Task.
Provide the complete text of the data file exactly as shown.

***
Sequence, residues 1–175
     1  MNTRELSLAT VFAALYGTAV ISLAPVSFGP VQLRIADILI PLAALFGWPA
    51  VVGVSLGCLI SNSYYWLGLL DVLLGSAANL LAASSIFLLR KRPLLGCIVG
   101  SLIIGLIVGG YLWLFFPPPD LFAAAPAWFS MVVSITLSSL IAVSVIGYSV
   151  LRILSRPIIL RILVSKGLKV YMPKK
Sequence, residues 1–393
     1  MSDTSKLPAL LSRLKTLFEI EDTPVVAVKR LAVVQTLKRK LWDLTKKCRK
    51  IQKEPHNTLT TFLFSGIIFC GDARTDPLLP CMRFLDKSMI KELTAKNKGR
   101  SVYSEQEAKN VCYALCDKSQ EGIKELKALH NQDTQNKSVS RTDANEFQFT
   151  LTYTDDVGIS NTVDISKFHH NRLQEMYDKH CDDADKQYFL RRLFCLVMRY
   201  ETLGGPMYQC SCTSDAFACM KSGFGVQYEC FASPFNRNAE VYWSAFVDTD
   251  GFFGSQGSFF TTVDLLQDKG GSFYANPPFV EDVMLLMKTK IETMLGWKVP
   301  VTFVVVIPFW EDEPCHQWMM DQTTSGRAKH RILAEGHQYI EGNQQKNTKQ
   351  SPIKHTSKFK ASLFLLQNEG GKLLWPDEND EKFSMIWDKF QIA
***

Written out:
Sequence, residues 1–175
     1  MNTRELSLAT VFAALYGTAV ISLAPVSFGP VQLRIADILI PLAALFGWPA
    51  VVGVSLGCLI SNSYYWLGLL DVLLGSAANL LAASSIFLLR KRPLLGCIVG
   101  SLIIGLIVGG YLWLFFPPPD LFAAAPAWFS MVVSITLSSL IAVSVIGYSV
   151  LRILSRPIIL RILVSKGLKV YMPKK
Sequence, residues 1–393
     1  MSDTSKLPAL LSRLKTLFEI EDTPVVAVKR LAVVQTLKRK LWDLTKKCRK
    51  IQKEPHNTLT TFLFSGIIFC GDARTDPLLP CMRFLDKSMI KELTAKNKGR
   101  SVYSEQEAKN VCYALCDKSQ EGIKELKALH NQDTQNKSVS RTDANEFQFT
   151  LTYTDDVGIS NTVDISKFHH NRLQEMYDKH CDDADKQYFL RRLFCLVMRY
   201  ETLGGPMYQC SCTSDAFACM KSGFGVQYEC FASPFNRNAE VYWSAFVDTD
   251  GFFGSQGSFF TTVDLLQDKG GSFYANPPFV EDVMLLMKTK IETMLGWKVP
   301  VTFVVVIPFW EDEPCHQWMM DQTTSGRAKH RILAEGHQYI EGNQQKNTKQ
   351  SPIKHTSKFK ASLFLLQNEG GKLLWPDEND EKFSMIWDKF QIA